I've been using Time Machine for a while now. And I've noticed some interesting things about its behavior. Of particular note, I've noticed that Time Machine does not back up your data when you are logged out. I found this strange until I figured out why this is the case.
I first noticed Time Machine not backing up logged-out users after setting up the staff computers here at work. Oddly, my work computer did back up when I was logged out, which I realized when I noticed a backup failure due lack of drive space. According to the Console logs this backup attempt had occurred in the middle of the night. Clearly Time Machine was able to backup when users were logged out, but it would only do so on my machine. So what was the difference?
By default, Mac OS X wisely un-mounts external volumes when a user logs out. This makes sense for a number of reasons, not the least of which is the fact that it's what users expect, and it's the least likely to break something if a user logs out and pulls their firewire plug without ejecting their disk. It's a very sane default that errs on the side of data protection. But it's not always what you want. For instance, say you have network shares, like external RAID drives, that are connected via firewire (which, in fact, we do). Or say your network backups that run in the middle of night get stored on a firewire volume (which ours do). If you want these drives constantly available you need to be able to keep them mounted even when no user is logged in. Fortunately, Apple provides a method for doing this, though it's by no means obvious.
The trick to keeping external drives mounted after a logout lies in a little .plist file. The name of this file is autodiskmount.plist, and it does not exist by default; you have to make it. In the file should be the following text:
<?xml version="1.0" encoding="UTF-8"?>
<!DOCTYPE plist PUBLIC "-//Apple Computer//DTD PLIST 1.0//EN" "http://www.apple.com/DTDs/PropertyList-1.0.dtd">
Put this file in:
And reboot. (Yes, reboot.)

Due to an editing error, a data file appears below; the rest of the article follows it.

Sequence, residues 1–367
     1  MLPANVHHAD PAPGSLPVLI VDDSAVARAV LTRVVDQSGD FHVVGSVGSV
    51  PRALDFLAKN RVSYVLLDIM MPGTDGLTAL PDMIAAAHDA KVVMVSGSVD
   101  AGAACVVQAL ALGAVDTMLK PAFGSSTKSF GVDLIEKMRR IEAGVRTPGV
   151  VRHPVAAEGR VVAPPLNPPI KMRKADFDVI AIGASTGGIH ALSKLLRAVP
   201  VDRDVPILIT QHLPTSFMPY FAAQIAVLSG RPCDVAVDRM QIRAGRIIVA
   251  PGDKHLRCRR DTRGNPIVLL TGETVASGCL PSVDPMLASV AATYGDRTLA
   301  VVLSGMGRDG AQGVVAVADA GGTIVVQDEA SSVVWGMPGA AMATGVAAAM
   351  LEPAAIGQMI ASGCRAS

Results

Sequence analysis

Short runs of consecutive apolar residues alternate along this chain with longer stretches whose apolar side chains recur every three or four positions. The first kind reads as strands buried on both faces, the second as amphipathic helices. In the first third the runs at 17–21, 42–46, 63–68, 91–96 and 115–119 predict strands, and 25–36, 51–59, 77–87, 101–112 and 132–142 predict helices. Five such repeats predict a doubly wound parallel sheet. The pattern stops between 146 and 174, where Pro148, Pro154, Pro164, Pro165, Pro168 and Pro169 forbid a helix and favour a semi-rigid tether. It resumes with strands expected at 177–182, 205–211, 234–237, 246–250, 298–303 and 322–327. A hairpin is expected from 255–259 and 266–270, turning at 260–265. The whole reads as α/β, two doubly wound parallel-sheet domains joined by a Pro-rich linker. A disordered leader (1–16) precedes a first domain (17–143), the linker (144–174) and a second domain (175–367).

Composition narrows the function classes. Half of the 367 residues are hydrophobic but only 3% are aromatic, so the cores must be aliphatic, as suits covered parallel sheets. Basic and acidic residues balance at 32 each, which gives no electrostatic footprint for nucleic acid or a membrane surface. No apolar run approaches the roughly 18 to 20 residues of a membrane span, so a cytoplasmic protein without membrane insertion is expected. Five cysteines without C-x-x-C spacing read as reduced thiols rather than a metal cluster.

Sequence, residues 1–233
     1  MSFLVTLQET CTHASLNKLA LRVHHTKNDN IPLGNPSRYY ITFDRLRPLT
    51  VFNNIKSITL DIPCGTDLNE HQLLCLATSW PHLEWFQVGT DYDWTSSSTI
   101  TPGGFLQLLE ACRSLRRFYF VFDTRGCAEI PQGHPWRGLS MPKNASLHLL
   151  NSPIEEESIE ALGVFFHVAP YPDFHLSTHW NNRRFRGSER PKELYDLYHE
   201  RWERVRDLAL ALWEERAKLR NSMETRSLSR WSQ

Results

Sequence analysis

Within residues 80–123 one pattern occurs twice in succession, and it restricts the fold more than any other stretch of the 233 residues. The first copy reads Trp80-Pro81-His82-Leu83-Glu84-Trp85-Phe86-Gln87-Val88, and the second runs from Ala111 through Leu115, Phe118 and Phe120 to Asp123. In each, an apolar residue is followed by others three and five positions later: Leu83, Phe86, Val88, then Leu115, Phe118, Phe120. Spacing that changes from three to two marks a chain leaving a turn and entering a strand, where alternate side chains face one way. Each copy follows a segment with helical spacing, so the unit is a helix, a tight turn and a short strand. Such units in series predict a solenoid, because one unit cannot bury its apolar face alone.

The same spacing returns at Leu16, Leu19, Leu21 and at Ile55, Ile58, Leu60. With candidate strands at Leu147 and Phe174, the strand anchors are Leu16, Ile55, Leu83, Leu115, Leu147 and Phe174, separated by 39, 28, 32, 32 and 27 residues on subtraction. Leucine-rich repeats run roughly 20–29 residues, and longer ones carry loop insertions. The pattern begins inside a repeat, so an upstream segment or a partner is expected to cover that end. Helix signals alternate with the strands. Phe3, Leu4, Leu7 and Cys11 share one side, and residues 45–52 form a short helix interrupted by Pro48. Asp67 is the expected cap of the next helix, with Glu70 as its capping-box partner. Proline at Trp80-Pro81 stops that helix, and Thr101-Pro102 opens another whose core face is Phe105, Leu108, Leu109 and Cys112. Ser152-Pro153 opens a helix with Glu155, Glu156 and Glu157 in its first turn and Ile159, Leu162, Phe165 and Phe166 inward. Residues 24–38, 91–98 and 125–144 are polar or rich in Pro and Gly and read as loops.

Now all external drives (firewire, USB, eSATA, etc.) will stay mounted after a logout. If they're shared, they'll always be available. And they'll always be available to Time Machine.
So the difference between the staff machines and mine? My computer is set to never unmount drives at logout. Apparently, Time Machine is perfectly capable of running even when no one is logged in. But it obviously needs the Time Machine drive available to do so. Keeping firewire drives mounted post-logout will allow Time Machine to work all night long. Sweet!
And since I'm so crazy with the Installer Packages these days, I'm including one here that will install the necessary preference file to make all this happen. You know, just to make your lives a little easier.
UPDATE 1: A reader asked in the comments how I came to have the preference file installed on my system. I'd put it there long ago because I needed firewire drives mounted for rsync backups of staff machines. But I certainly didn't figure out how to create that file myself. Credit for that goes to this Mac OS X Hints hint. It's got all the details if you're interested.
UPDATE 2: One other thing I forgot to mention: Why is this useful? I mean, if you're logged out you're not really capable of creating any new data, so there's nothing really new to backup anyway, right? This is mostly true, indeed. But imagine your boss uses Time Machine for his hourly backups. Now imagine he creates a whole buttload of data — I don't know, emails to the CEO, photos of his kids, whatever — and he creates this data right before he leaves for the day. Then, safe in the knowledge that Time Machine's got his back, he logs out and goes home for the weekend. That weekend there's a power surge or something, and his machine is fried. "No problem," he thinks, "I have my backup." But his most recent data is gone. His photos, his draft to the CEO, gone. And guess who's to blame? Yup. The Systems Admin. Your ass is grass, and Time Machine is the lawn mower. (Uh, this is why I don't write in the mornings.)
Personally, I think it would be smart if Time Machine asked you at logout if you'd like to make a backup, or at least warned you that backups would not be performed after logout. This seems like a bit of an oversight on Apple's part.
The other time this can be useful is when you're creating your first backup. This is typically a lot of data. Here in the office we told folks to let it run overnight. But they couldn't log out. So we dropped them to the Login Window with Fast User Switching. Still, it would have been that much more intuitive if we'd just told them to log out like they always do, and that their backups would be ready in the morning.
So yeah, not earth-shattering, but still potentially useful. And interesting on an academic level to know that Time Machine will run sans login.
I have to go install that preference file on my staff machines now. Bye!